My overall impressions of this lens are as follows: It’s heavy, but not unwieldy. I have used heavier, though not attached to my heavy tripod. While it’s a formidable combination, it’s not completely unwieldy and shouldn’t deter anyone who can lift and carry bags of sugar around. Don’t let the weight scare you away from this lens. You’re not going to find a quality 500mm lens that weighs less — the 500mm f/8 mirror lenses don’t count. I love the range. The 200mm was gorgeous, snappy and at f/5.0, bright. The 400mm setting was fast, sharp as a tack and advancing to f/6.0, bright as well. At 500mm, the f/6.3 didn’t seem to detract from the overall brightness and while here is where I ran into focus troubles, it was still fast and did little searching. I didn’t notice any chromatic aberration, to speak of, but there wasn’t a lot of sun and/or weird reflections to test it against. Usually any fringing I get is shooting birds in the canopy against the sun…that obviously didn’t happen, here, and will have to be tested, this morning, probably.
I said I’d talk about my problems with the focus. Well, they’re pretty simple. I’m not used to this lens, at all, and spent a lot of shots focusing just in front of or just behind the subject in question, which left me with questionable results. This is merely something I’m going to have to get used to and thank my luck stars (or financial stars) that I was shooting digital on this outing — out of 197 photographs, 2 were “useable” in my opinion. Not really good odds, but that should improve once I figure out how to do everything I want to do…and be left-handed at the same time. Dear Nikon — I’ll offer all my services as, well, whatever you need, to help you design a LEFTY model of these cameras so I don’t have to criss-cross arms to focus comfortably AND release the shutter. That said, it’s an exceptionally easy lens to use and the tripod mount is very solid — heck, everything about this lens is solid. It feels like a quality lens and, from what I’ve seen so far, it is a quality lens.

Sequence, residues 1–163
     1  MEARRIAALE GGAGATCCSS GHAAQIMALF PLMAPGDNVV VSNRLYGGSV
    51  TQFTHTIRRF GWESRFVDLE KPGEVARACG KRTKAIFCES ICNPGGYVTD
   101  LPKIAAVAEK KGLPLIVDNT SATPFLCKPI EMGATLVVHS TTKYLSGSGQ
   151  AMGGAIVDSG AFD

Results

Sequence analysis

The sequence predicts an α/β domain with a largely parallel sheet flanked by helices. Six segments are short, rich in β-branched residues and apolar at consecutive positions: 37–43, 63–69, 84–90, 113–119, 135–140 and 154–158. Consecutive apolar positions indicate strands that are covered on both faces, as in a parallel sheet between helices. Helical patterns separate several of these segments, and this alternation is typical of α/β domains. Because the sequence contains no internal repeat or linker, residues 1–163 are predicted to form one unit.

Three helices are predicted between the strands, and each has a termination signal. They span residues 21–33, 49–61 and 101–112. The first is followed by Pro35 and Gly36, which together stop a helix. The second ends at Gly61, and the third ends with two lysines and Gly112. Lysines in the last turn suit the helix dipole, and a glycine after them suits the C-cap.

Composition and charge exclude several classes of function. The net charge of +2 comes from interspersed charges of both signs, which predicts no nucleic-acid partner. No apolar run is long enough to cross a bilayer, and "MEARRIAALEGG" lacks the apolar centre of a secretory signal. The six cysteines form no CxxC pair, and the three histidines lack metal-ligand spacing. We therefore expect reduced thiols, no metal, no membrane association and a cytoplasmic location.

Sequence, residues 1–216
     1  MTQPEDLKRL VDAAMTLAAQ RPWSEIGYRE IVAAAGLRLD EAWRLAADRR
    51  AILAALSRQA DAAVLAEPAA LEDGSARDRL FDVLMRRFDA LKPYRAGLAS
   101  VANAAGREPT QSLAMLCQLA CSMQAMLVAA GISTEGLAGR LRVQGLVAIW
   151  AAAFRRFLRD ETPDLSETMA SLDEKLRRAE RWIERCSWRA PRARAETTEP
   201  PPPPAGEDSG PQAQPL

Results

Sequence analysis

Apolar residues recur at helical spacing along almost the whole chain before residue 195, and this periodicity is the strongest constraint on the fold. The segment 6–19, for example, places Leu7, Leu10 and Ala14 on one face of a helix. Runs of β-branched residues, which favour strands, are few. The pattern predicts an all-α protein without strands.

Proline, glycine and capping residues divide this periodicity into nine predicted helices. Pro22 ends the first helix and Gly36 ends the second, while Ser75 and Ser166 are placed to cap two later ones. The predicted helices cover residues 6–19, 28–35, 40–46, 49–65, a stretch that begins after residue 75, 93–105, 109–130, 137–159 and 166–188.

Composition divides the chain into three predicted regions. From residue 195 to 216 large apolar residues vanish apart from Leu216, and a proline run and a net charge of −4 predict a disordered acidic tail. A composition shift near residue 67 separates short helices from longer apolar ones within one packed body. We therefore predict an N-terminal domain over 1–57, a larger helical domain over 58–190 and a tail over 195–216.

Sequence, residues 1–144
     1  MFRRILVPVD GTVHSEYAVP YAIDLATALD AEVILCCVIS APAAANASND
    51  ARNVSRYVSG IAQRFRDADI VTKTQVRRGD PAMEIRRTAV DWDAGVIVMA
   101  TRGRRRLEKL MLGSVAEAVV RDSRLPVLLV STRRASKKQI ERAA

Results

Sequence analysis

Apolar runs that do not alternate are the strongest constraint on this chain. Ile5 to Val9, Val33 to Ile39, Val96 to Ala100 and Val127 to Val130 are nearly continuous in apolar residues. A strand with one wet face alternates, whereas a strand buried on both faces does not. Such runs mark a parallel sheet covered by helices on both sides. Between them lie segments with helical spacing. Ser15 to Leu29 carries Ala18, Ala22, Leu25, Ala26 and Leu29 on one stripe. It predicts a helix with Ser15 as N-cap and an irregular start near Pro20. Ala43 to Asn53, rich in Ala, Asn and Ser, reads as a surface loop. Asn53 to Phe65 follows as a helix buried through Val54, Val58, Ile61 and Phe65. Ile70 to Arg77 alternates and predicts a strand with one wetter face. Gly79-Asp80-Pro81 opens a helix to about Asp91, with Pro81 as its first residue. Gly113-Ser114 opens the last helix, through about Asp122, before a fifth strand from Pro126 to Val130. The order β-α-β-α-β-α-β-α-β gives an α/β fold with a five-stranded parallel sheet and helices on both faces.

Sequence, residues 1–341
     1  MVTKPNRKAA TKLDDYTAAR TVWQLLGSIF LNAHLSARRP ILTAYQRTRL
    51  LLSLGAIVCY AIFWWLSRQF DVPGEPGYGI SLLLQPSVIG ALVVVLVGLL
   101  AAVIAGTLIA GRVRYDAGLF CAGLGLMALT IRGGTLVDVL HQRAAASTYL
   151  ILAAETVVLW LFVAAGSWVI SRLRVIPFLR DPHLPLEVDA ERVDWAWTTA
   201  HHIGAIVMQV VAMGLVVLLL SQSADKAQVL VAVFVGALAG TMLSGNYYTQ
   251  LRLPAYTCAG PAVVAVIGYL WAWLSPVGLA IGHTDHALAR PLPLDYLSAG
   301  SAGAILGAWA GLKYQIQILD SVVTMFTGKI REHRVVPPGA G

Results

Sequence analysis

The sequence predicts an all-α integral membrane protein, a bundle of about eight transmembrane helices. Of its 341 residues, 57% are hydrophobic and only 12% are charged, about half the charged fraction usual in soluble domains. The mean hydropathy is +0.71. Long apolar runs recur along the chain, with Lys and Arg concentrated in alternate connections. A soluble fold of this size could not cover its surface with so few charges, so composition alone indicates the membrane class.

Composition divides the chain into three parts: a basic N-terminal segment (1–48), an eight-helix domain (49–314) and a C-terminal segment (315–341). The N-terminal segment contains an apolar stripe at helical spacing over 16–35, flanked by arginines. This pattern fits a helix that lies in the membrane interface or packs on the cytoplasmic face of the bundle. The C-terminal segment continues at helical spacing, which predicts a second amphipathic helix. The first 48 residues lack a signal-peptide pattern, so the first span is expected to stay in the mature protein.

I met my friend at the cemetery so I could hammer out some depth of field pairing for my homework. I took the digital along with the lens, just because. I wish I had taken it out with me while I was shooting with the film camera, as the Red-tailed Hawk was exceedingly accommodating — almost as if he knew the longest lens between us was a 300mm. That said, with the bright sunshine, it was impossible not to take it out for at least SOME shots, and it performed amazingly. Even at ISO1600 (remember kids, check your ISO settings before every shoot, especially after letting your 9-year-old play with it for a few shots…), the shots were crisp, clean — negligible noise — and, as I mentioned earlier, the AF was snappy and there was almost NO searching in the “good light” situation. Of course, you want to secure yourself some dirty looks, take this lens, with hood attached, to a cemetery…I don’t know why people get so uptight about this, especially at a cemetery where the Wright Brothers, Paul Dunbar, Irma Bombeck and a few other notables are buried…the only people we encountered in the cemetery proper were taking pictures…they just looked intimidated by the lens. THAT’s the response you want, and, unless the person you run into is carrying a 400mm f/2.8 or larger, is what you’ll get. As a side bonus, besides being a rock solid lens that performs very well for nature/birding, if you’re walking the sidelines at the local game, you will be able to hang with the “big time” photographers. Heck, you’d be able to hang with them even at a semi- or even pro game. Granted, it’s not going to overshadow the monster teles, but at the 500mm f/6.3, you’re only a stop and a half off from the $6K lenses and you walked away, even with the UV filter, for under $1,000. For another $200, you can get a 1.4x teleconverter and, even with the f-stop loss, you’re still looking at 625mm (before DSLR crop factor) at f/8. Considering the Nikon 600mm f/4 AF lens will set you back close to $9,000, not a bad tradeoff. The bottom line is, if you’re on a budget, which most of us are, and/or don’t want the massive lenses for whatever reason, this is probably the lens I would pick, 9 times out of 10. The other time, I’m not sure why I wouldn’t pick this…I think I was just being contrary.
I know — the important question: would I recommend this lens to my best friend, who would come after me with a large flail if I steered him wrong? Absolutely, I would.
Focal range: 200mm-500mm
F-stop Range: f/5.0 – f/32
Filter size: 86mm
Weight: 43.6oz (1237g or 2 lbs. 11.6oz)
Minimum focus distance: 2.5m or 98.4″ or 8′ 2.4″
Warranty: 6-year Factory warranty
Retail: $879.00 — until 3/31/2008, there is a $30 factory rebate on this lens
UV Filter cost: $80